Silicon Valley drone startup DroneDeploy is extending its services to help the bushfire crisis in Australia. The company makes programs that let you turn the footage into maps and collect data from agriculture, construction and oil and gas projects. Using this software, you can see how much damage is done after a natural disaster and analyze any houses or landscapes that may have been affected.
Now, the company will open an office in Australia thanks in part to a large investment from AirTree Ventures. They confirmed that they closed on a Series D capital raise of $35 million led by Bessemer Venture Partners and AirTree Ventures. But now they’re looking to start a new round of funding to help them expand to global markets and help it develop products specifically for the crisis in Australia.
"This latest investment will help us build our new products for customers while developing innovative solutions that are beneficial across a number of Australian industries," said chief executive and co-founder Mike Winn.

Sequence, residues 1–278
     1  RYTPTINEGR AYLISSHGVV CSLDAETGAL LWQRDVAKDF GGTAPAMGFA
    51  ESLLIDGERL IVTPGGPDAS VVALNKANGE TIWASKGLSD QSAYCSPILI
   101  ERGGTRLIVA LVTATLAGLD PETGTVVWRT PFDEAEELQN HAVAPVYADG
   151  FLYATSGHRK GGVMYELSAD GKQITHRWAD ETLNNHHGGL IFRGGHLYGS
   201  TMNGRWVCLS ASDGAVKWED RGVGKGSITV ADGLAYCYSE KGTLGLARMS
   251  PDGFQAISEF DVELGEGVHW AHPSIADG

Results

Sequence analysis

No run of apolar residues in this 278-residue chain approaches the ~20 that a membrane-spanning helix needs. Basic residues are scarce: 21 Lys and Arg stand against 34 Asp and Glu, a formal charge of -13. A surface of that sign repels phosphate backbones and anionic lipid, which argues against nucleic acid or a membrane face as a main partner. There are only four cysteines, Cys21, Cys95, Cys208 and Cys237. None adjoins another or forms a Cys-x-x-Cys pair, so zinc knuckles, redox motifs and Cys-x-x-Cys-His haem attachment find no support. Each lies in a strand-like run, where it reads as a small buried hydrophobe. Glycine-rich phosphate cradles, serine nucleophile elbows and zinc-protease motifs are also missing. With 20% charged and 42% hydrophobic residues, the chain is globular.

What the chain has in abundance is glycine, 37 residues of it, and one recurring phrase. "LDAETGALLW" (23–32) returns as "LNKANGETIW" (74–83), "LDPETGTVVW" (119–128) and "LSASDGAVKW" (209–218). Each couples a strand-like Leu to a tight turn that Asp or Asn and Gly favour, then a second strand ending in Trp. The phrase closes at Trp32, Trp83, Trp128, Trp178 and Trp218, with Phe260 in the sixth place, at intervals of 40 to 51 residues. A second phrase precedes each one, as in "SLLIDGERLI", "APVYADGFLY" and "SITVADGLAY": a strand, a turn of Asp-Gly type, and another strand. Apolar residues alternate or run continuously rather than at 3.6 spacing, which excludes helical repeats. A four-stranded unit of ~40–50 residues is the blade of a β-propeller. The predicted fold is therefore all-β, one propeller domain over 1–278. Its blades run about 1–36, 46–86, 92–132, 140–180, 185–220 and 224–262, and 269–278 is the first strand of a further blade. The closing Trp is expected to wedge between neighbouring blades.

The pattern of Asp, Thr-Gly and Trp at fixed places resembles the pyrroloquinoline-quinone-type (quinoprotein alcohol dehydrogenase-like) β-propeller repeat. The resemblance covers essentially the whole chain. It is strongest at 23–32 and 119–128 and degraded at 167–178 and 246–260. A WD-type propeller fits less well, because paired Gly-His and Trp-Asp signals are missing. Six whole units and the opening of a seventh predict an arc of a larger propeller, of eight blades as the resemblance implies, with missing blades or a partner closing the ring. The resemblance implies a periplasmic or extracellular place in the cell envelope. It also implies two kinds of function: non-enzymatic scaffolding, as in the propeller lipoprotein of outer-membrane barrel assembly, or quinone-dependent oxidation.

This isn’t the first time DroneDeploy has been brought on to help a natural crisis. They’re currently tracking the health of the Great Barrier Reef by mapping coral bleaching with little human interface. They also helped with the California wildfires by performing over 500 drone flights across 16,000 acres as part of the Paradise Fires clean up.
The damage these fires leave is unbelievable, but startups like DroneDeploy are doing their part to provide some relief and the tools to better address the fire in the future.
California startup Zonehaven aims to keep California safer from the wildfires
Zonehaven is a cloud-based service that aims to understand, minimize, and better respond to wildfires (Image credit: Zonehaven)
Australia isn’t the only place that experiences devastating fires. California is often the target of wildfires. In 2018, 1 million acres of land were burned due to fires, and 93 fatalities occurred. Last year, over 240,000 acres of land were burned over 5,600 fires. As fires continue to break out, one San Francisco startup is dedicated to preventing more fires and keeping people safe.
Zonehaven, co-founded by Charlie Crocker last year, is a tech startup that provides a cloud-based application to help communities understand, minimize, and respond to wildfires. With the help of sensors and advanced data analytics along with on-the-ground reporting, they’re developing technology to make evacuations easier, faster, and safer.